It happened. After twenty months, I contracted the novel Coronavirus.
The following is an honest, blow-by-blow account of how I was affected.
All biases and political leanings are gone.
I contracted the Omicron variant late last week after an outing with a family member to a grocery store.
Initial signs of infection emerged twelve hours later.
I woke up the following morning with ice-cold extremities and a headache.
I made coffee, settled into my workstation, and got to work on my latest edit [I freelance edit videos for production companies].
Around dinner time, I realized turbulent waters could be on the horizon.
Chills enveloped my body, and my appetite was non-existent.
I mowed down some sushi anyway and settled for a night inside; sidenote, Toronto is now in its fourth lockdown.
Around 2 am, I awoke with a sore throat.
It felt like I ate a deli sandwich on rye with broken shards of glass.
After gargling two glasses of saltwater, sleep set in.
Come sun up, I knew I was in for it. I could not walk due to pervasive muscle spasms in my right quadricep.
Muscle spasms are not outliers for me. I live with a spinal cord injury, and a byproduct of the condition is uncontrollable spasms a few times a month.
They usually last for six hours. At their worst, they impede from a good night’s sleep.
These spasms were different. They lasted for sixty hours, only stopping for a few minutes here and there.
If you have never experienced muscle spasms, consider yourself blessed. Imagine a knife searing through your skin, and that is no exaggeration.
Day three of the virus was the worst.
I was bedridden with no appetite. Lack of sleep due to pain and congestion compounded an already difficult situation.
Day three was spent staring at the ceiling and cursing.
My bed sheets were soaked with sweat the following morning. The only glimmer of hope was my thirst for coffee.
Until then, coffee was not on my radar, an anomaly for someone as reliant on caffeine as me.
Day four was the beginning of my recovery. It was the threshold moment when I felt human again.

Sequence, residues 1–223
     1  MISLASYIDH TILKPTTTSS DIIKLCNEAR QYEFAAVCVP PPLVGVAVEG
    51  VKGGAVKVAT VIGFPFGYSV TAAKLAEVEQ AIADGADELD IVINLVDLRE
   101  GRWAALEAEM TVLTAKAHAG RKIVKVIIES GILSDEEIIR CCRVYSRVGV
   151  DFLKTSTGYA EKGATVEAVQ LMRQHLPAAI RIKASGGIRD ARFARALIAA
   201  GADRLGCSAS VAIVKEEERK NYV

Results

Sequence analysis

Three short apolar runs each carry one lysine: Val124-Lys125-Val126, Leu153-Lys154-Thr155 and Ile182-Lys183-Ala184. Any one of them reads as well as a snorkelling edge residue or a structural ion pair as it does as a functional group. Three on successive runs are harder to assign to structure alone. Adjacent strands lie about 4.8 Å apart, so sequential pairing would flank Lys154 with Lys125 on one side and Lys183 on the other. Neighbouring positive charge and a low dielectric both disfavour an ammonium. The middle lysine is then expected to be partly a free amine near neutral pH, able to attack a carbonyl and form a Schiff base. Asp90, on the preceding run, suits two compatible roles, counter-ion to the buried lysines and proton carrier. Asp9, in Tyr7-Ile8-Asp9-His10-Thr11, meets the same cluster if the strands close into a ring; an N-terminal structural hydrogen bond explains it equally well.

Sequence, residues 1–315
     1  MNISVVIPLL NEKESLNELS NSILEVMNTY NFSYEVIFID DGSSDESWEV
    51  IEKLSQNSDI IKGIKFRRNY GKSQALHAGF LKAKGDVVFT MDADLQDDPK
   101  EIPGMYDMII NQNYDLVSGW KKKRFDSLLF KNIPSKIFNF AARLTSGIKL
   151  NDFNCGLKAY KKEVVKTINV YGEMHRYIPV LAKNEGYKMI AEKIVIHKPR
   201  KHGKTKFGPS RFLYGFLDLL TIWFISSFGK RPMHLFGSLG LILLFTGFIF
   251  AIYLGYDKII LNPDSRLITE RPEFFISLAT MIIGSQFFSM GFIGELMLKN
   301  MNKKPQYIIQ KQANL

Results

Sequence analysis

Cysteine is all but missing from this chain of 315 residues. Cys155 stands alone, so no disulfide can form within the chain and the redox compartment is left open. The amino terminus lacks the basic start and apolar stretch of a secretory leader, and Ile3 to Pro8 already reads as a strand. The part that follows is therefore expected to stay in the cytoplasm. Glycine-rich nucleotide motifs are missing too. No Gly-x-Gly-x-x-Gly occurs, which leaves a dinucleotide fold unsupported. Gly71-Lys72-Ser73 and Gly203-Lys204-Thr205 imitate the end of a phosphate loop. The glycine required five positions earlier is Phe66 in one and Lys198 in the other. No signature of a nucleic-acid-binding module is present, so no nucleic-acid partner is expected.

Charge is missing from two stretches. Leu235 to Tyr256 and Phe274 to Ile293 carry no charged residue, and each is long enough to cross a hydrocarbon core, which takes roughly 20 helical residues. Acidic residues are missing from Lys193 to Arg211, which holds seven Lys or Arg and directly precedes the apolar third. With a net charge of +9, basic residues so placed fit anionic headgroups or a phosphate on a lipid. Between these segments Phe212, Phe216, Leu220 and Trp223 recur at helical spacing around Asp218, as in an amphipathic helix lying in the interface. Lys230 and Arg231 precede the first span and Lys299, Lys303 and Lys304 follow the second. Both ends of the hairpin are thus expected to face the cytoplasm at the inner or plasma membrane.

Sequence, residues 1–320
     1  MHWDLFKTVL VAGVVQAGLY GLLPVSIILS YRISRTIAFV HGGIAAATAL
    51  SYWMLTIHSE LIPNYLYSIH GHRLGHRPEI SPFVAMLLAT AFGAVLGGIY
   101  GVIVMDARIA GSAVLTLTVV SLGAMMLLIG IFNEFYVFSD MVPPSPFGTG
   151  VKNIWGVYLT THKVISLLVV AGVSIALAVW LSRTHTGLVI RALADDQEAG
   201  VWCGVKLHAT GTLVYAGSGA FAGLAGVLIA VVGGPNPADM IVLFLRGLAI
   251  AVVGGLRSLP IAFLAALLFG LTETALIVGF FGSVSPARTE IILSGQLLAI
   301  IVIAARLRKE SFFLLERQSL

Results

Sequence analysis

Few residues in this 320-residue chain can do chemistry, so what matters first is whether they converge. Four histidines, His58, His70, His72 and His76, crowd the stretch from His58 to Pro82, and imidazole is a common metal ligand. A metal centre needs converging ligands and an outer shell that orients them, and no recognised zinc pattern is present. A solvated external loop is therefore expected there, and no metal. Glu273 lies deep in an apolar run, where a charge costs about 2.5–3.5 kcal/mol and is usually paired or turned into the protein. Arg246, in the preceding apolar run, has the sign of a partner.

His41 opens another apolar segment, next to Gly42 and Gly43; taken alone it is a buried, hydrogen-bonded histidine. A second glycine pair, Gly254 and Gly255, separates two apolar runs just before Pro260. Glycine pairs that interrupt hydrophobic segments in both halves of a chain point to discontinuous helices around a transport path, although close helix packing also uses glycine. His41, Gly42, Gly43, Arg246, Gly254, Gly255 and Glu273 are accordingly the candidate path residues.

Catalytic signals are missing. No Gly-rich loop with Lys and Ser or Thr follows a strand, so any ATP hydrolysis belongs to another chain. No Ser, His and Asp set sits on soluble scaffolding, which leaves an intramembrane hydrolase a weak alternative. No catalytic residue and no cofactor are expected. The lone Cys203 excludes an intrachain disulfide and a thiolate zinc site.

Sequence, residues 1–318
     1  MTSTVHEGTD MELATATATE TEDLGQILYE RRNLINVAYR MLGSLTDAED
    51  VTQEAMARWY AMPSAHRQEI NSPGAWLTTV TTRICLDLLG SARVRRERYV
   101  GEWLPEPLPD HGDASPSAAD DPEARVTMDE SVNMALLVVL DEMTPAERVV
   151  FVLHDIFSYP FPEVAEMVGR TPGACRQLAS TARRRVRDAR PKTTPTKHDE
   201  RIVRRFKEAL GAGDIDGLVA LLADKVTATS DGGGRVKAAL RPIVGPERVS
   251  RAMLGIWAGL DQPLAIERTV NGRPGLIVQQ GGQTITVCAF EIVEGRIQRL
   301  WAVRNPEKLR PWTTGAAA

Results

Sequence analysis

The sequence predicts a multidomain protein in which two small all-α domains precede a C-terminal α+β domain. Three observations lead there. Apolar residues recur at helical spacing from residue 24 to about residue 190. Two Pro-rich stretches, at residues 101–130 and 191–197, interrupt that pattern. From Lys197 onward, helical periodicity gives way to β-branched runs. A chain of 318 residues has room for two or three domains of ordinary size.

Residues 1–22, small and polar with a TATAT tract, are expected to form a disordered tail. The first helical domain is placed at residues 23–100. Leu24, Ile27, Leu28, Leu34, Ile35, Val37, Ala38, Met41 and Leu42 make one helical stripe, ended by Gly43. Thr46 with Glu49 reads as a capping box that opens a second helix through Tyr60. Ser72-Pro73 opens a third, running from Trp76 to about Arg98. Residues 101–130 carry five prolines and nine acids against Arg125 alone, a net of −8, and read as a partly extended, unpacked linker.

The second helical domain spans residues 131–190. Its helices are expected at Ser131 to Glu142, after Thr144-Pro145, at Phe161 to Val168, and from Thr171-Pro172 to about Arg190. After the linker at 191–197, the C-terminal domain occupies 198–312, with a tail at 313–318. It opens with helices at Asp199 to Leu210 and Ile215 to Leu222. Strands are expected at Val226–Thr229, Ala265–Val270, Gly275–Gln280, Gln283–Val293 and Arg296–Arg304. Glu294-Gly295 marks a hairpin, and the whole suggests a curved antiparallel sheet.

Activities around the house were feasible though not at the normative output.
Symptoms resurfaced with a bang once the sunset. One takeaway from this virus is how it comes at you in waves.
You think you’ve turned the corner and then suddenly, bang! You are back in bed, wishing things would finally get back to normal.
Another staple is the number Covid-19 does on the throat. I have never had my throat feel the way it did due to Covid.
Other symptoms experienced were watery eyes, occasional dizziness, soreness/ achy joints, and an overall flat affect due to a lack of energy.
The virus was combated with the following:
Rest, fluids, Gatorade and Orange Juice respectively, NyQuil, Halls, Tylenol Cold, Yogurt with garlic, muscle relaxers, green tea, Echinacea spray, Vitamin D capsules, Jello
I am writing this on the sixth day since the infection.
My overall health is satisfactory, but as previously mentioned, the virus comes in waves long after you think it is over.
Nighttime is worse than the day. My joints still ache, but my appetite is present. I even did a little editing earlier.
Physical activities like riding a stationary bike and stretching have resumed but at lesser times.
I do not want to push too hard.
I am monitoring my symptoms, self-isolating, and taking things slow.
In summation, Covid-19 could prove fatal for the elderly or anyone with health comorbidities.
The virus exists, people.
But does it warrant the shutting down of schools, businesses, and places of worship?
The extreme measures implemented over the past twenty months have come at a tremendous cost.
Our youth are suffering, and for what? The flu on steroids?
We need a better solution.
We must demand more from elected officials so that a virus does not undermine the very crux of what makes us human; sociability.
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